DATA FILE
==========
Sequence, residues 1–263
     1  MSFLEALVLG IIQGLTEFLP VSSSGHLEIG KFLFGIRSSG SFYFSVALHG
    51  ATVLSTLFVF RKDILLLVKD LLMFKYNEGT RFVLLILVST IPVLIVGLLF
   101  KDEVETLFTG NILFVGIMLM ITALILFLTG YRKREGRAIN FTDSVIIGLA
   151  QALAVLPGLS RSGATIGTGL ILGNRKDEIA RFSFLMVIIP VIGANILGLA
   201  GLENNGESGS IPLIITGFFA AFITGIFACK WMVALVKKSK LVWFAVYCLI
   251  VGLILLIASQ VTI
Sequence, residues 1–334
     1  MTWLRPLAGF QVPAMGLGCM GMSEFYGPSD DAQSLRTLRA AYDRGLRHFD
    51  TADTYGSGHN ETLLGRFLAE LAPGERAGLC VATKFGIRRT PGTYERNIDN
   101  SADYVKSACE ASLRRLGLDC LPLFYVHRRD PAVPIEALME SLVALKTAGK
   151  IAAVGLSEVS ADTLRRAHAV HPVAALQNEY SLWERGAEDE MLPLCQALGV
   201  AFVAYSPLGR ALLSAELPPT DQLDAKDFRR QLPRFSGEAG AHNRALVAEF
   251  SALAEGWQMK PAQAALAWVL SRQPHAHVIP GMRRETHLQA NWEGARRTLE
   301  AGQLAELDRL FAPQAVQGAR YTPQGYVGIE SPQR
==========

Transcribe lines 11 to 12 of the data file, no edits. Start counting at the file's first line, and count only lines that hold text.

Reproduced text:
   101  SADYVKSACE ASLRRLGLDC LPLFYVHRRD PAVPIEALME SLVALKTAGK
   151  IAAVGLSEVS ADTLRRAHAV HPVAALQNEY SLWERGAEDE MLPLCQALGV